* Go through any alarms from the monitoring system. Do the servers each appear to be running normally? More CPU, more RAM used or not? There are 30+ other things to monitor. Disk storage, open files, network traffic, lots of traffic going places that it shouldn't? There is a dashboard that shows red/yellow/green. Red is usually for low disk space or 1 box used to overheat and slow down.
    * Go through the log summaries (logwatch). Any errors, warnings that need to be handled now, today, tonight, or can they wait until a maintenance period? Was any software installed that I didn't expect? Any software removed?

    For an email server, I'll go through some of the logs beyond the log summary. Looking for specific attacks and decide if I want to do anything about them. I have a few scripts that block SASL authentication failures. Previously, I used a tool, but it had some failures that I wasn't able to figure a fix, so made one of my own with about an hour work. End-users are terrible at choosing passwords and for IMAPS email there isn't really a good solution besides forced length and complexity. Every year, we force password changes and inactive accounts are automatically disabled if I forget.

    For a web server, I'll go through some of the logs beyond the log summary. Looking for specific attacks and decide if I want to do anything about them. I get a summary of the attack sources daily and how many each has attempted. I already block any php attacks, since we don't allow php web-app on the internet. Anyone hitting any public website with a URL ending in .php gets blocked after about 20 attempts. We block on subnet, user-agent, incorrect referrer, and specific URL requests. /admin/ cannot be accessed over the internet, for example. Only localhost is allowed to access admin pages on our systems. That means the admin needs to use an ssh-tunnel. There are some exceptions for my workstation's IP when at known locations.

    I used to be pretty relaxed about security. Then I got hacked. Since then, it is a completely different story. I was doing the normal stuff - which was basically nothing besides backups and patching. I got lucky. Had a weekly backup that let me see exactly what changed. Getting 1,000 emails an hour from the server every time their attack script ran (it was local) trying to escalate to root was a huge help. If that hadn't happened, I probably wouldn't know about the attack - not back then.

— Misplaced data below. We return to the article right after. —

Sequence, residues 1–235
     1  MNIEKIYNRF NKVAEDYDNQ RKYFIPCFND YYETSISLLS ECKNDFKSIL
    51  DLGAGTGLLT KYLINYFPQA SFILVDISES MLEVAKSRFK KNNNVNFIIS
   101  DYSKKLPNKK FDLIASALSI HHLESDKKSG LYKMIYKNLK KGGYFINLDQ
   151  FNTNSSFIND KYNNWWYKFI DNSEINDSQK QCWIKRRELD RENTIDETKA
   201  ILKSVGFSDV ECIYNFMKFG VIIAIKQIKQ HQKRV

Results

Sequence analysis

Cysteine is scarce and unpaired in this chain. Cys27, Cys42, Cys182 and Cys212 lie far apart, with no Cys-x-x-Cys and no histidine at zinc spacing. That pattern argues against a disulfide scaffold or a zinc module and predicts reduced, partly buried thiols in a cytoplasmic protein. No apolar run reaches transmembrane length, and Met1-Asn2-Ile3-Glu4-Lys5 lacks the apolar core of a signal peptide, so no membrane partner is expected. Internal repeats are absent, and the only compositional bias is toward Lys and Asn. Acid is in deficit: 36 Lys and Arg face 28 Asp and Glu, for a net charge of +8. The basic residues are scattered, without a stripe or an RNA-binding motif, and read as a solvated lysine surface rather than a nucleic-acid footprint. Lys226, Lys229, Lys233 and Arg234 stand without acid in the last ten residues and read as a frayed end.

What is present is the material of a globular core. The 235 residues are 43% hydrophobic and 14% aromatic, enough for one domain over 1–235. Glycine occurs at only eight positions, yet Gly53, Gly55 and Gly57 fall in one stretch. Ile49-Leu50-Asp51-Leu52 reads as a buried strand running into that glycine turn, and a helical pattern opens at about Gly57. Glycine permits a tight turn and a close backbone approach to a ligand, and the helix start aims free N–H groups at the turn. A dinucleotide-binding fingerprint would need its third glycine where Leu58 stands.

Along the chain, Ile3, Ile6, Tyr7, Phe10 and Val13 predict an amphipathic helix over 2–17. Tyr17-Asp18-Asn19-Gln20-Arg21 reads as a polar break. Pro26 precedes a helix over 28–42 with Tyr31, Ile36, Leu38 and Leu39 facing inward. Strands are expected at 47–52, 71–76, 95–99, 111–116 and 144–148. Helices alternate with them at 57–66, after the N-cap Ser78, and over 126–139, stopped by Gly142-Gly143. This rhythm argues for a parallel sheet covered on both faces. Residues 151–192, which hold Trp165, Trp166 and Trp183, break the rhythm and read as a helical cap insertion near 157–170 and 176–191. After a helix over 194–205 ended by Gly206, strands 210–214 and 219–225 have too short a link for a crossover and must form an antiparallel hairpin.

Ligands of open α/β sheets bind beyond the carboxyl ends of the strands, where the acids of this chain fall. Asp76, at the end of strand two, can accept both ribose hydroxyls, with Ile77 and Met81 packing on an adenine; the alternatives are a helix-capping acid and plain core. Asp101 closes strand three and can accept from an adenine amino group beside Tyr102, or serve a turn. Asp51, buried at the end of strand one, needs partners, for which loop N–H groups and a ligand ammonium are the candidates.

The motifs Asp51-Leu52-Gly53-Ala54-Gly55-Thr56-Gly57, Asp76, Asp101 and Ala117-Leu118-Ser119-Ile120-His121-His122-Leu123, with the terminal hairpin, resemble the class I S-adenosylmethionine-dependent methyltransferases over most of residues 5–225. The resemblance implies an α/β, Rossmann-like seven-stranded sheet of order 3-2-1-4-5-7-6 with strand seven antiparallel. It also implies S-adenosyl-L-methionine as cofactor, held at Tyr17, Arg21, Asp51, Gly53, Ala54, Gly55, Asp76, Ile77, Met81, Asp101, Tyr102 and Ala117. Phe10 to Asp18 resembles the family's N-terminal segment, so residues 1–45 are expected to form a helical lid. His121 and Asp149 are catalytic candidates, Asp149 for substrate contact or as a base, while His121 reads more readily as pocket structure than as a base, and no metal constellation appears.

The world is a different place now. I see thousands of attacks every hour and that doesn't count the attacks our network blocks. My tiny home server sees a few hundred attacks daily.

    Please be very careful putting any php-webapp on the internet.

    My list is pretty minimal and full of automation. In the 1990s when I first started doing admin work, I didn't automate many things, just used cops to check file permissions weekly. Some days I don't have time to look as deeply. All our systems have at least 60 days of versioned backups. Higher risk systems get 180 days. Backups are critical for security.
    Last edited by TheFu; May 14th, 2019 at 05:18 PM.

  10. #10
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    Re: Things to do on a daily basis if run a Ubuntu server

    Quote Originally Posted by likewise2 View Post
    If there is nothing to be do apart from backing up database, which in your case you have scheduled it. Then why people keep saying about day to day tasks?
    You need to be more specific. I cannot reply to something so vague as "people keep saying about day to day tasks."

    As TheFu has mentioned, it really depends on what you are running. Many of my services are intranet-based and the attack vectors are greatly reduced. I do not count the "check emails" as part of the "day to day tasks on the server" since I do not touch the server to review email notifications (unless their are failures, warnings or automated increases for storage space).

    LHammonds